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The Best 8 Foods to Reduce Inflammation

Inflammation is part of your immune system’s natural response to an injury or infection.


While this response can help your body heal and repair itself, chronic inflammation — which sticks around far after the threat or foreign invader is gone — can lead to a range of diseases, including cancer, heart disease, diabetes, Alzheimer’s, asthma, and rheumatoid arthritis.



Registered dietitians agree your best defense against chronic inflammation is a healthy, balanced diet. While some foods are known to cause inflammation, others contain specific nutrients that can help reduce inflammation.



Processed foods high in sugar, salt, saturated fat, and refined carbohydrates have been shown to trigger inflammation through changes in the gut microbiota. Not only that, but processed foods also tend to be high on the glycemic index, meaning they quickly spike your blood sugar — which can also lead to inflammation.



On the other hand many plant-based foods are packed   with fiber and phytonutrients, which reduce inflammation by fostering a healthy gut and scavenging harmful free radicals throughout the body.



With that in mind — if you’re looking to keep inflammation at bay, here are a handful of foods you’ll want to add to your shopping list



1. Walnuts



Looking for an anti-inflammatory snack? Reach for walnuts. A 2020 review found that eating walnuts significantly reduced signs of inflammation, including high LDL cholesterol.



Omega-3 fatty acids are well known for their anti-inflammatory properties, says Stephanie Wells, MS, RD, and walnuts are one of the best sources. In fact, a 1-ounce serving contains 2.5 grams of alpha-linolenic acid, which Wells notes is over 100% of the daily recommended value.



Plus, walnuts are also packed with a number of antioxidants, including ellagic acid, catechin, and phytic acid. Antioxidants help to prevent inflammation by protecting tissues from free radical damage.



2. Berries



Blueberries, raspberries, strawberries, and blackberries contain special antioxidants called anthocyanins, according to Bianca Tamburello, RDN, a nutrition specialist at FRESH Communications. Anthocyanins — which give these fruits their red, purple, and blue pigments — have been shown to help to fight inflammation.



“Strawberries and blueberries are also high in vitamin C, which can reduce oxidative stress and inflammation,” adds Wells.



They’re super easy to add to your diet, too: toss them into everything from salads and smoothies to overnight oats and yogurt parfaits.



3. Leafy greens



Whether you prefer kale, spinach, or collards, don’t be shy about loading the leafy greens onto your plate for some major anti-inflammatory perks.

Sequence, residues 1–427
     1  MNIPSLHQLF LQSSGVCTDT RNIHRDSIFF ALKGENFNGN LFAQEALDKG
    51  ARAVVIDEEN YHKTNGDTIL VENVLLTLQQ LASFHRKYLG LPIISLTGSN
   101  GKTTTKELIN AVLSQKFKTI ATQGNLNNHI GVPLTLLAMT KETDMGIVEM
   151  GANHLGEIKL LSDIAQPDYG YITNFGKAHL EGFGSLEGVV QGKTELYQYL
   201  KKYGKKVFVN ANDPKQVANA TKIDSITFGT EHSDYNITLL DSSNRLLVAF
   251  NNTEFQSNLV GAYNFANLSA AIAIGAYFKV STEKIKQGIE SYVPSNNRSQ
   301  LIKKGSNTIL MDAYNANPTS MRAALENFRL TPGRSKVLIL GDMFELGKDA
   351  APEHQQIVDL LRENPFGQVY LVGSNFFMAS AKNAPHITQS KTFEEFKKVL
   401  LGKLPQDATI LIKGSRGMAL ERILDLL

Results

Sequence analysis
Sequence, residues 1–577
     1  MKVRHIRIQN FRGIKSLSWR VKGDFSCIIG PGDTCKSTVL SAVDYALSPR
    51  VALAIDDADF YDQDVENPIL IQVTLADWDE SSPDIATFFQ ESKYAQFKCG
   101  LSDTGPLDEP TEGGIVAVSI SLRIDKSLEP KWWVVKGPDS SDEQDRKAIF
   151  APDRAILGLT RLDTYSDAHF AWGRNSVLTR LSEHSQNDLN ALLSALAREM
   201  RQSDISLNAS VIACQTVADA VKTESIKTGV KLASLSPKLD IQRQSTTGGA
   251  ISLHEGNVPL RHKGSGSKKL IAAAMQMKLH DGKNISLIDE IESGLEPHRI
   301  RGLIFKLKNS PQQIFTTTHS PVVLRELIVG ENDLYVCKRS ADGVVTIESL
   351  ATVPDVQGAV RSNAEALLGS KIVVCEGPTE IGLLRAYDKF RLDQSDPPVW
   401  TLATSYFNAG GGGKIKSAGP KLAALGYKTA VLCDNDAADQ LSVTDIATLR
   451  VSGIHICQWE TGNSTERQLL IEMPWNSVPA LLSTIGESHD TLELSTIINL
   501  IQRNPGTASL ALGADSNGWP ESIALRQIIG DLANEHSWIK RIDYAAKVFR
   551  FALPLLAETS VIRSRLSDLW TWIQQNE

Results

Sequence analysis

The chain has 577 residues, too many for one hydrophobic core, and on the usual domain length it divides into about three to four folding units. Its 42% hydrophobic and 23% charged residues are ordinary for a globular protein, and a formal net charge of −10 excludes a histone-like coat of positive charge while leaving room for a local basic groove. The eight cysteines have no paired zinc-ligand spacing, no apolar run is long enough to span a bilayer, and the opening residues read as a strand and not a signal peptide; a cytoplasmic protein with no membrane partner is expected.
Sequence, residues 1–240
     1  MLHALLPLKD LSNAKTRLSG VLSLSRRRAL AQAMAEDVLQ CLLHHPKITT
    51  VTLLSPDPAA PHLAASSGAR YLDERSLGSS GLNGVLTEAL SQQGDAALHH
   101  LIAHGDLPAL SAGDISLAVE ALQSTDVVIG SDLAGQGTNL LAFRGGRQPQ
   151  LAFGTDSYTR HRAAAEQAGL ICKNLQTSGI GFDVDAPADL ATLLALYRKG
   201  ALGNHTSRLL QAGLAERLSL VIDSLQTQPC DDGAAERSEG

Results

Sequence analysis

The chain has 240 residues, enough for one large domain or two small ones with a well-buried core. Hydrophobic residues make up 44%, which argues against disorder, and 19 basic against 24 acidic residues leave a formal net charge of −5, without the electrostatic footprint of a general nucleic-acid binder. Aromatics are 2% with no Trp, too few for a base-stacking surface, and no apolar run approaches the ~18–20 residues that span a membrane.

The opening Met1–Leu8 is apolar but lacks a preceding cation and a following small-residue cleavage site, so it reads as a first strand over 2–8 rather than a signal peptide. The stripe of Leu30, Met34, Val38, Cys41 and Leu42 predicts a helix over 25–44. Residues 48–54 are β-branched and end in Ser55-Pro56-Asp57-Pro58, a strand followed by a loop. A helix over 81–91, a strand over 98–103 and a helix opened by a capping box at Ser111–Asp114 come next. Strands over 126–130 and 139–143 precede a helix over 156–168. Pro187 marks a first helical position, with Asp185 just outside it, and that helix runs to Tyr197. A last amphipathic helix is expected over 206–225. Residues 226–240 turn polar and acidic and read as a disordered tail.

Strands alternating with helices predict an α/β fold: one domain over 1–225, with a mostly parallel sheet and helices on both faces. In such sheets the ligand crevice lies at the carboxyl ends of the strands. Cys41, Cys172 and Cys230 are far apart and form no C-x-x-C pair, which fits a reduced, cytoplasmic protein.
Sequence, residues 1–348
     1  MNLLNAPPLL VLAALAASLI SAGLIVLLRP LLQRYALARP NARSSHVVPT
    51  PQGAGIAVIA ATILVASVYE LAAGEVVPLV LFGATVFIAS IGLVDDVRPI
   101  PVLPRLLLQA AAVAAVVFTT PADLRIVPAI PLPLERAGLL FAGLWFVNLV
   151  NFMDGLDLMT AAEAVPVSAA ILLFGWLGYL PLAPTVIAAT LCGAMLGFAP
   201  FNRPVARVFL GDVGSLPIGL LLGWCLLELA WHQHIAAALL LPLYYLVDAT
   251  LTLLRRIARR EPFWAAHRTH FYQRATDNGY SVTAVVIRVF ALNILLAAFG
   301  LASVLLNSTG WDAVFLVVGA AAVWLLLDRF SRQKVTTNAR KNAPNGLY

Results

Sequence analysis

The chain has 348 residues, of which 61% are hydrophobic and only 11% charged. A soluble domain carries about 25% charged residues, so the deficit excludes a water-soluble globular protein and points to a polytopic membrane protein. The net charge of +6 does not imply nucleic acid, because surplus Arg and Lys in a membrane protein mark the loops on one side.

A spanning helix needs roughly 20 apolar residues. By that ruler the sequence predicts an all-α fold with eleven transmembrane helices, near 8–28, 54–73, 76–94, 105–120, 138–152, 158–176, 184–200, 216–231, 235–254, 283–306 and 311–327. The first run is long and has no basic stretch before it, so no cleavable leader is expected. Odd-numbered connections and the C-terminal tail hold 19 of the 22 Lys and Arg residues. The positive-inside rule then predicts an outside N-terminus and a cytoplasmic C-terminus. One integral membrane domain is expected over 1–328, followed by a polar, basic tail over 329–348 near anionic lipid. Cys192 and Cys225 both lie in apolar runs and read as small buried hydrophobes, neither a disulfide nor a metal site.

“These vegetables contain cancer-fighting compounds, like carotenoids, that guard cells from free radical damage,” explains Johna Burdeos, RD.



Dandrea notes that leafy greens are also high in fiber, which helps to ward off inflammation by supporting a healthy gut.



4. Oily fish



Far and away, the best food sources of inflammation-fighting omega-3s are fatty fish — like salmon, cod, sablefish, and sardines.



Oily fish is especially high in eicosapentaenoic acid (EPA) and docosahexaenoic acid (DHA) — two types of omega-3 fatty acids that the body can’t make on its own, which is why it’s crucial to get enough of them in your diet.



Some studies have even found that these fatty acids help to lower high levels of c-reactive protein, which is a marker for chronic and acute inflammation.



5. Mushrooms



Mushrooms are a verifiable superfood; in part, because they’re rich in a wide range of anti-inflammatory compounds like carotenoids, fatty acids, polysaccharides, vitamins, and biometals.



“Mushrooms contain polyphenols, selenium, and vitamin E, all of which are powerful antioxidants that help reduce the risk of inflammation and cell damage,” says Tamayo. “The beta-glucans, a complex oligosaccharide, also boasts some powerful anti-inflammatory properties that can reduce the risk for illness and markers for disease.”



Fun fact: A 2018 review found that mushrooms in the Basidiomycota group — which includes chaga, shiitake, and lion’s mane mushrooms — have especially powerful anti-inflammatory properties.



6. Olives



Like oily fish and walnuts, olives are chock-full of heart-healthy fatty acids that can fight inflammation.



The benefits of olives for inflammation don’t end there,  They are also a good source of vitamin E, which is a potent antioxidant, and a phenolic compound called hydroxytyrosol, which has anti-inflammatory properties.



A 2021 review found that olive oil, too, can protect DNA from oxidative stress, thus reducing inflammation along with your risk of neurodegenerative diseases (like Alzheimer’s and Parkinson’s).



7. Beans



A 2017 review suggested that beans contain anti-inflammatory properties that may help prevent diabetes, heart disease, and high blood pressure.



Beans are a rich source of gut-friendly fiber, protective antioxidants, and other beneficial phytonutrients.



8. Chia seeds



The anti-inflammatory powers of chia seeds are three-fold according to nutritionalists.



• They’re loaded with fiber, with 10 grams per ounce, for a healthy gut



• They’re high in omega-3 fatty acids



• They’re packed with polyphenols, a group of phytonutrients that act like antioxidants




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